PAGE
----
Tik Tik Tik

Director: Shakti Soundar Rajan
Cast: Jayam Ravi, Nivetha Pethuraj

There is a fair share of pros and cons when you’re introducing a new genre to an audience. The advantages would include saying a simple story enclosed in a new wrapper (read: genre) and presenting something that’s brilliant. Not to mention, the possibilities of having a few tricks up their sleeves — something that the genre itself will give way to. On the other side of the spectrum, comes the dumbing down of the topic, especially if it’s ‘scientific’, to cater to audience who won’t really get it. Tik Tik Tik, Tamil cinema’s, if not Indian cinema’s first space film suffers a lot of the abovementioned cons despite reasonably banking on the advantages. But that’s alright!

When the head of Defence played by Jayaprakash (one of the best in the business to play a fun dad character and should restrict to just that), says space’le puviyeerpu sakthi kedayathu¬†(there’s no gravity in space), most of us would’ve blurted ‘you don’t say’, but I understand the reason behind it and if it wasn’t for that, Tik Tik Tik would’ve been the film Tamil cinema needed at this point of time. What’s common between Avatar, The Island, Terminator Salvation and Date Night? All of these films had their stories revealed in their trailers. Of course, Tik Tik Tik has a small twist which doesn’t make it to the promotional cuts but that doesn’t really save the film’s story to be judged right before you walk into the theatre. But that’s alright!

An asteroid is heading towards Earth and keeping on track with whichever country’s film industry is doing the disaster film will have the city where the destruction occurs, the enormous one is heading towards the Bay of Bengal which will result in a massive Tsunami that’ll change the landscape of our country (for once I was glad that the statue of liberty is safe). Long story short, asteroid -> can be destroyed with a nuclear missile -> but stuck in Chinese Space Station -> they won’t give, so we got to steal -> astronauts can’t rob, so robber becomes an astronaut. And don’t call these spoilers because — Trailer!¬†But that’s alright!

Then what’s so ‘alright’ about Tik Tik Tik? Well, for starters, the film doesn’t fool around by not showing the scenes from outer space. As a matter of fact, 70% of the film happens outside Earth. Director Shakti Soundar Rajan, who also made Tamil’s first Zombie film Miruthan with Jayam Ravi once again, has done his share of research. So much that the egoistic, well versed in science mini-me, who had his eyes scanning for any logical errors, couldn’t find much. Despite keeping the terminologies understandable, the director speaks about everything from artificial gravity to even taking a dig with a character on whether God is above or below them considering they’re in outer space. A part of me indeed felt proud about watching ‘our very own actors’ donning the space suit, floating in zero gravity, and spacewalking. Though the VFX isn’t on par with English flicks or the fact that you’ll get reminded of countless space films Hollywood have churned out over the years, considering the resources and budget we have, Tik Tik Tik is a product that proves that we’re running quicker than ever in the race to achieve quality the West boasts.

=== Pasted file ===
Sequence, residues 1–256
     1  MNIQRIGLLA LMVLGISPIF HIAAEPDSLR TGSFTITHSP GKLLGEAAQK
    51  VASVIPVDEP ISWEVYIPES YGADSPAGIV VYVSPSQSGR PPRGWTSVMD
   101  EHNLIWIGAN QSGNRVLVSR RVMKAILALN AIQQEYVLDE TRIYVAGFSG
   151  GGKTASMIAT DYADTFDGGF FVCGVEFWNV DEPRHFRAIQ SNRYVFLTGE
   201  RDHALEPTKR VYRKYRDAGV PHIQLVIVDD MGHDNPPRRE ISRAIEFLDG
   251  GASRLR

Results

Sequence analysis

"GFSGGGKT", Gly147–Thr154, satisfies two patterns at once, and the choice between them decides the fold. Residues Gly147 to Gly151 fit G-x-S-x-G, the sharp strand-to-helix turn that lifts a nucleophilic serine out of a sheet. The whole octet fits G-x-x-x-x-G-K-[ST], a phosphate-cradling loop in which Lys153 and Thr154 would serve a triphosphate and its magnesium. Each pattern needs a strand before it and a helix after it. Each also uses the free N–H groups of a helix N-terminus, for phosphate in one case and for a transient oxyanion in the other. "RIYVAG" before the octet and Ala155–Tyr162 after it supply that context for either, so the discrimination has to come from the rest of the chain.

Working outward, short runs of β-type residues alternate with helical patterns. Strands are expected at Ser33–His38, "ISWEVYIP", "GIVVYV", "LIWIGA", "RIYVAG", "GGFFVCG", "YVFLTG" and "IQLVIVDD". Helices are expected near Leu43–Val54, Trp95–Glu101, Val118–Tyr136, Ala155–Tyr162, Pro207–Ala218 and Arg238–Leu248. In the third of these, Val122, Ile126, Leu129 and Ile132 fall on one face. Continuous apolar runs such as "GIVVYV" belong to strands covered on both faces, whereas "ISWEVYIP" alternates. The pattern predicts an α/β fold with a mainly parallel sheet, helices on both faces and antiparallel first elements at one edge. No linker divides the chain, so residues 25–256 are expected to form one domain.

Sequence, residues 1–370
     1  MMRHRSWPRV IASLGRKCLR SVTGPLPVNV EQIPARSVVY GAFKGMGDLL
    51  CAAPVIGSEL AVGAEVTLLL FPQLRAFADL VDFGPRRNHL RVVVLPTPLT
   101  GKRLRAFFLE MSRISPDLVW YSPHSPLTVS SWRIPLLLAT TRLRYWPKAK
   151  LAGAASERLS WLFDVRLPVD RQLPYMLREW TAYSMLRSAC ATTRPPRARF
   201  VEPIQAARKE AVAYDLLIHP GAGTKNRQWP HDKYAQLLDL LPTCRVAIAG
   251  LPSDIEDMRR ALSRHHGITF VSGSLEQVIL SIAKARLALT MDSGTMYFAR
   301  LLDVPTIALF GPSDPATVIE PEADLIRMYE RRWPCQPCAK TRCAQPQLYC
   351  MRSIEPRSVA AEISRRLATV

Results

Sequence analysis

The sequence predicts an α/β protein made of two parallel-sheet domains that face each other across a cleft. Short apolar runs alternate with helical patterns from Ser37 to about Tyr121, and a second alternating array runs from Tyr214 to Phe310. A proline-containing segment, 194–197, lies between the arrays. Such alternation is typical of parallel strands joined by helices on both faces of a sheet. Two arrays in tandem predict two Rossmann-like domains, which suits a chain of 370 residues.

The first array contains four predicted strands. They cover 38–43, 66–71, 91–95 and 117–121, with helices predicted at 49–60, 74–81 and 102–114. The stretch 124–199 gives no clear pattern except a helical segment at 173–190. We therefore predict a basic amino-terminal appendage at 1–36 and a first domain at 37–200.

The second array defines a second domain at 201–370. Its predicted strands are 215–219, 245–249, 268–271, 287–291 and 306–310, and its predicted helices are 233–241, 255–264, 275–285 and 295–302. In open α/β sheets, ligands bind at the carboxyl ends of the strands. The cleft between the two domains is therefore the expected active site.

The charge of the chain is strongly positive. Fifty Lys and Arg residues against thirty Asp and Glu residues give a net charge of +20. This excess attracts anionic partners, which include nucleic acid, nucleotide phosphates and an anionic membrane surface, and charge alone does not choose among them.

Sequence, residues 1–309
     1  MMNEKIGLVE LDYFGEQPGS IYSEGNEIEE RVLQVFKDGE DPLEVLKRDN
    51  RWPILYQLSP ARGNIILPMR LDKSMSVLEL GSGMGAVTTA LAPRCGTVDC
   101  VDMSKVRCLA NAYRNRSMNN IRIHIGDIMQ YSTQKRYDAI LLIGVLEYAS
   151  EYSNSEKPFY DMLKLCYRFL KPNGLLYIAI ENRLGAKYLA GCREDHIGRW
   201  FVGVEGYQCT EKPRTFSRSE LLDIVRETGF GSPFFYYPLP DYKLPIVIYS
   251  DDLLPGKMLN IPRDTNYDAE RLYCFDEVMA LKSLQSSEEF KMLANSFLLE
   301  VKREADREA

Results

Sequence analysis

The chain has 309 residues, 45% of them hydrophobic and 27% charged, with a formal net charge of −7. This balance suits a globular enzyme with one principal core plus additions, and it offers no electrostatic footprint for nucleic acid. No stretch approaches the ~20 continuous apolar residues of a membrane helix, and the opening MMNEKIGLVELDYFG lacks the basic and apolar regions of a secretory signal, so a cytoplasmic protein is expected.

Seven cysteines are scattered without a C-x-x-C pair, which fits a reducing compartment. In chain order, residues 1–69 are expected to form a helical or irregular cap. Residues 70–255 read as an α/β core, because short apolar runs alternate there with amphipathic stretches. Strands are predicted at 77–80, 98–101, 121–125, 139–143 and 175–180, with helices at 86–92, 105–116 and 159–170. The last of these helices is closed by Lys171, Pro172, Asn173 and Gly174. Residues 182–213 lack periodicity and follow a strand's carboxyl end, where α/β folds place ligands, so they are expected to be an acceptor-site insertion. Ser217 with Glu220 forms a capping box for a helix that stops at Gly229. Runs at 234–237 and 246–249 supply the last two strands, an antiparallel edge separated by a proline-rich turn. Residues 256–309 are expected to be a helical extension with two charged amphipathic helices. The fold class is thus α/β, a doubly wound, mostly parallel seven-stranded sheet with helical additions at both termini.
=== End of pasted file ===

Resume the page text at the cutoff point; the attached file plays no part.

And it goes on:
And as far as I’m concerned, that’s not even the best part of the film. What I least expected from this director-actor combo and the genre itself, was for the film to have a softer side apart from all the literal high flying action and drama. That, surprisingly came in the form of Jayam Ravi’s actual son Aarav who also plays his onscreen son. The emotions the duo brings to the table gives the film a heart much bigger than the asteroid itself. And naming Aarav as Ravi is quite a nifty touch. Not to mention the fact that the director had to steer away from the temptation of coming up with a love angle between Vasu (Jayam Ravi) and Swathi (Nivetha Pethuraj). And while we’re at it, both the actors pull off one of their career bests.

On the technical side, scenes such as the wide-angle shots in which Earth, the asteroid, and the spacecraft appear together look very convincing. Tik Tik Tik is also Imman’s 100th film and though the background score wasn’t satisfactory, the emotional Kurumba is hum-worthy and the title track is one of my favourite tracks of 2018. While Tik Tik Tik has a number of issues, they all feel minuscule in front of the director’s dream of making Tamil cinema’s first space film and almost, succeeding in it — similar to a bunch of pesky free-flying asteroids in the rather vast expanse called space. I certainly hope that more producers open up to such out of the world ideas (pun not intended) which will take Tamil cinema away from the death grip of hero oriented masala films and horror comedies. Imagine a Tamil version of Star Wars! I’m sure it won’t take long. Tik Tik Tik…..

My Rating: 3/5

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